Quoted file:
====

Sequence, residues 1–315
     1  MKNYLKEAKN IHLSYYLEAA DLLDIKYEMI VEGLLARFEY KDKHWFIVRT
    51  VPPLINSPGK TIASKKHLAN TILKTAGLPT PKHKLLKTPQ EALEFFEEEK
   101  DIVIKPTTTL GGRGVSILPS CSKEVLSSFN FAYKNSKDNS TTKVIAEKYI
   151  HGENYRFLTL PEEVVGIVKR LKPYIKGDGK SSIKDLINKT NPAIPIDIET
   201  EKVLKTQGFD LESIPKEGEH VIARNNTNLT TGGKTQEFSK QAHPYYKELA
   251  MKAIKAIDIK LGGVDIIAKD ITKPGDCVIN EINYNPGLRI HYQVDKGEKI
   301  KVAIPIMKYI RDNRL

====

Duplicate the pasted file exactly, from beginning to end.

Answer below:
Sequence, residues 1–315
     1  MKNYLKEAKN IHLSYYLEAA DLLDIKYEMI VEGLLARFEY KDKHWFIVRT
    51  VPPLINSPGK TIASKKHLAN TILKTAGLPT PKHKLLKTPQ EALEFFEEEK
   101  DIVIKPTTTL GGRGVSILPS CSKEVLSSFN FAYKNSKDNS TTKVIAEKYI
   151  HGENYRFLTL PEEVVGIVKR LKPYIKGDGK SSIKDLINKT NPAIPIDIET
   201  EKVLKTQGFD LESIPKEGEH VIARNNTNLT TGGKTQEFSK QAHPYYKELA
   251  MKAIKAIDIK LGGVDIIAKD ITKPGDCVIN EINYNPGLRI HYQVDKGEKI
   301  KVAIPIMKYI RDNRL